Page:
Smoke from wildfires may have proved a curse this year for one oilseed, palm oil – but looks like it played a role in a bumper crop of another, canola.
A surprisingly strong Canadian canola harvest figure of 17.23m tonnes revealed in official data earlier this month was in part due to “new and higher yielding varieties”, and to a “long and dry fall which supported the harvest, Canada’s farm ministry, AAFC said.
However, the strong production figure, which came in well above the 15.6m tonnes that investors were expecting at the time, also looks to have been down to the benefit of a shield provided by smoke against summer heat.
“Anecdotal reports suggest yields were also helped by widespread smoke which blocked the sun and lowered temperatures a few degrees during the critical flowering period,” the ministry said, with this phase sensitive to heat.
The comments follow a summer which was marked by widespread forest fires reported in the likes of Alberta and Saskatchewan, major ag producing states, as well as in Alaska.
Latest official data, released in September, showed the number of Canadian wildfires in 2015 having topped 6,600, 26% above the average amount, covering 3.95m hectares – 89% more than the typical area.
And the comments contrast with the concerns over the fires earlier this year in South East Asia which, in blocking photosynthesis, are seen as fuelling a downturn in production expected for next year, blamed primarily on dryness caused by the El Nino weather pattern.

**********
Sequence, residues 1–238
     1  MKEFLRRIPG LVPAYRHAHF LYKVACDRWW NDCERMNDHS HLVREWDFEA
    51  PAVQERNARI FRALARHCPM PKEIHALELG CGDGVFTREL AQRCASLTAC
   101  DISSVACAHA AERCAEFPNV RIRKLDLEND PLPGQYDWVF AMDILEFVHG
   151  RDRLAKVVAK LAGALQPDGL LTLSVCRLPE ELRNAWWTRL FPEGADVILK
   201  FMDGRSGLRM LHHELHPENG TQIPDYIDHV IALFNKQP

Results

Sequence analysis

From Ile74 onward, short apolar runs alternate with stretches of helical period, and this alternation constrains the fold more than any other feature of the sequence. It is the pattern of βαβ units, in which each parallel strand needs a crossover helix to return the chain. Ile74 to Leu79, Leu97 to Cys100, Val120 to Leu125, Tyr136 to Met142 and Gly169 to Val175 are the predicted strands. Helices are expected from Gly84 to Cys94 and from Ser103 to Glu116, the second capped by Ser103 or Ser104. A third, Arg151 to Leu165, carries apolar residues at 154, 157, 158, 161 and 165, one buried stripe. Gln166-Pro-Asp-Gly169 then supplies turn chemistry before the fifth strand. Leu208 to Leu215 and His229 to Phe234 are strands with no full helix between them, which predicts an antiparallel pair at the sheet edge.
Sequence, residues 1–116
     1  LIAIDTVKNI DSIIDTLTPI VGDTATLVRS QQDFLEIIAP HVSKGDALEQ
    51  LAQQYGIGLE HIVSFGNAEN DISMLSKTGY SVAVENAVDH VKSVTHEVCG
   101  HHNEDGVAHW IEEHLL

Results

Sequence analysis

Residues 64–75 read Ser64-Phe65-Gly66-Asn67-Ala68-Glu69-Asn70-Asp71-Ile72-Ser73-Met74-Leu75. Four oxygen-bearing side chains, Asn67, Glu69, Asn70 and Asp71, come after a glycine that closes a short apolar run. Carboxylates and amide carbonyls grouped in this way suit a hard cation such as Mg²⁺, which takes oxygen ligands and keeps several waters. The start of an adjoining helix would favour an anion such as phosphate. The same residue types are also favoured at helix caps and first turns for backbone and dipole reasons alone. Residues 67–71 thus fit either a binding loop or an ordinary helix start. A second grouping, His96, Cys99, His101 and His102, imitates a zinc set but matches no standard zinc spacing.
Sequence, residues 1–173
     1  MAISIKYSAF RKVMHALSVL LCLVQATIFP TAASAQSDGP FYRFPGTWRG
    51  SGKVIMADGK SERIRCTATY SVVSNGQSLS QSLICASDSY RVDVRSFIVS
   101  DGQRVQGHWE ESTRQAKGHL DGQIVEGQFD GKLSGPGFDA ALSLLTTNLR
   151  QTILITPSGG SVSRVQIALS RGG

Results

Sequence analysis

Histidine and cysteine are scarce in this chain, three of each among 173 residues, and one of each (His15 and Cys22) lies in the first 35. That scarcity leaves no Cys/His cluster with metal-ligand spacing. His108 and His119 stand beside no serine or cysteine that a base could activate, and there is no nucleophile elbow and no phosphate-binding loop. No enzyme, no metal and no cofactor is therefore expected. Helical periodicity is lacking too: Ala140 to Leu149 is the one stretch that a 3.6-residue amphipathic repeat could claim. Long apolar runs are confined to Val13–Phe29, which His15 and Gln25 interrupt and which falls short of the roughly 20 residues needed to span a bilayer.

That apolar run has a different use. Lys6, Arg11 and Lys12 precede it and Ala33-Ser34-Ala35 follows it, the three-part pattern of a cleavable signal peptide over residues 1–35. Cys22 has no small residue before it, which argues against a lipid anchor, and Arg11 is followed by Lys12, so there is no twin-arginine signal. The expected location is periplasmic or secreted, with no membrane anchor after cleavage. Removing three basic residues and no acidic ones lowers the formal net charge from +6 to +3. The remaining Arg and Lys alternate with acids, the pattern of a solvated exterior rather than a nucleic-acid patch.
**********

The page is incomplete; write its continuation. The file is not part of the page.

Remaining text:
Record demand too
AAFC confirmed that the strong harvest, coupled with ample carryover stocks, had left Canada with a record 19.7m tonnes in supplies – 3m tonnes above the ministry’s estimate last month.
However, “usage is also forecast to hit a record high”, helped by extra domestic crushing capacity, and margins being supported by weakness in the Canadian dollar, which has spurred export demand for crushing products canola oil and canola meal, besides for the oilseed itself.
“Exports of canola are also forecast at a record 9.5m tonnes… based on a cautious extension of the pace to date”.
The dynamics mean that Canada’s canola stocks will, on AAFC estimates, shrink by 25% to 1.75m tonnes over 2015-16 – rather than soar to 3.0m tonnes as forecast by the US Department of Agriculture, whose data set world benchmarks.
“This marks the third year of continuously tightening carry-out stocks from the record set in 2013-14,” AAFC said.
It nudged lower to Can$490-520 a tonne, from Can$495-525 a tonne, its forecast for the average canola price in Vancouver in 2015-16, although still marginally above last season’s Can$489 a tonne.
“The lower Canadian dollar is allowing [Canadian] canola to compete against burdensome supplies of soybeans, soyoil and palm oil, and soymeal.”
‘Futures show strength’
G3, the Canadian grain handling giant formerly known as CWB, last week raised by Can$6 to $512 a tonne its estimate of returns for farmers selling crop into its canola pool.
“Canola futures continue to show strength… as a result of stronger than expected Canadian export and crush demand,” G3 said.
“Despite the weakness in palm and bean oil futures, which is pushing US soybean futures weaker, the weaker Canadian dollar continues to offset these losses.
(Source – http://www.agrimoney.com/news/wildfire-smoke-handed-canada-its-bumper-canola-harvest–9131.html)